Here at Rackspace we view OpenStack as the operating system of the cloud. We believe that the openness and large community that has developed around OpenStack provides value for consumers by empowering them with flexibility and optimization options. Consumers can use OpenStack to power an on premise cloud or a cloud hosted by a provider.
With an audience estimated at 1,400 at OpenStack Summit San Diego on Tuesday, OpenStack Foundation Executive Director and Rackspace Cloud founder Jonathan Bryce outlined three key reasons OpenStack will succeed.
The OpenStack Summit San Diego is in full swing. This year, the Summit combines the developer design portion and the conference, targeting veteran OpenStack developers, business owners interested in OpenStack and newcomers to the project. All told, 1,400 attendees are expected at the Summit.
Repose is an open-source RESTful HTTP proxy service that scales to the cloud. Repose provides a solution to common API processing tasks such as rate limiting, client authentication, translation, API validation, versioning and logging so web service developers can focus on the unique features of their services.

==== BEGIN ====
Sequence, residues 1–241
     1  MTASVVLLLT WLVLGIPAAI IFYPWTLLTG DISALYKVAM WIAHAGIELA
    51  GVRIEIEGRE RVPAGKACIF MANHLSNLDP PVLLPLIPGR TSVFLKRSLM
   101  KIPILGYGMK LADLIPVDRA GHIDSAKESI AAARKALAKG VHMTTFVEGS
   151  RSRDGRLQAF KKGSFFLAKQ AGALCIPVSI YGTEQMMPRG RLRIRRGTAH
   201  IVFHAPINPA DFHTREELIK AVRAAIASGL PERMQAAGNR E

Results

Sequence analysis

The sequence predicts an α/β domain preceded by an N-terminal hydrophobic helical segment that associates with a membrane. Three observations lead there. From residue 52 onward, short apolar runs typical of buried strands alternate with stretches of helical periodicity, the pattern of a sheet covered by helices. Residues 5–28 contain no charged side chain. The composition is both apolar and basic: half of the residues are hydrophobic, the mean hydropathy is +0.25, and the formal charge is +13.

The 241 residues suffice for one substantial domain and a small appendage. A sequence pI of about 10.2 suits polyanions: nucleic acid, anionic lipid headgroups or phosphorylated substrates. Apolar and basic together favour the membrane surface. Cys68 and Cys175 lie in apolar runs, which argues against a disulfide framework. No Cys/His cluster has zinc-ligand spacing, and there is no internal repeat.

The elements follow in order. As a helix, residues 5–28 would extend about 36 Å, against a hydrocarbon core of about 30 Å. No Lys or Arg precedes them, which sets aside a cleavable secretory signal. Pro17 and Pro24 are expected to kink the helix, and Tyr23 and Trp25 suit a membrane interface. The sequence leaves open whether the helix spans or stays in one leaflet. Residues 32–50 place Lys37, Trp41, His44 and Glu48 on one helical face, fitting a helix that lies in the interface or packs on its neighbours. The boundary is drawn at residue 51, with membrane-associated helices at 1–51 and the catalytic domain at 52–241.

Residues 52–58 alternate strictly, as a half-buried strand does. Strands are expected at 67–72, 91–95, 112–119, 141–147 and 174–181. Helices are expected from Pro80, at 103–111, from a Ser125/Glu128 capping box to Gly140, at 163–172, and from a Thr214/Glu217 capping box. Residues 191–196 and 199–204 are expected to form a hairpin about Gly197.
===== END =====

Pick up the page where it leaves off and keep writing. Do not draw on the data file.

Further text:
Today is a huge day for the OpenStack community – Rackspace officially hands off the management of the project and all its assets to the independent OpenStack Foundation. We’ve planned for this day since Rackspace founded OpenStack with NASA just over two years ago, and it is a major milestone for OpenStack, the community and Rackspace.
OpenStack is the platform upon which Rackspace has built its open cloud. The community-driven cloud operating system, which Rackspace co-founded, has sparked an open source cloud revolution. Enabling the community of hundreds of developers to contribute code and leverage the OpenStack cloud however they want has created a shift in how applications are developed. This blog series collects insight straight from key developers on the front lines about how they became involved in OpenStack and the open cloud, and what contributions they’ve made.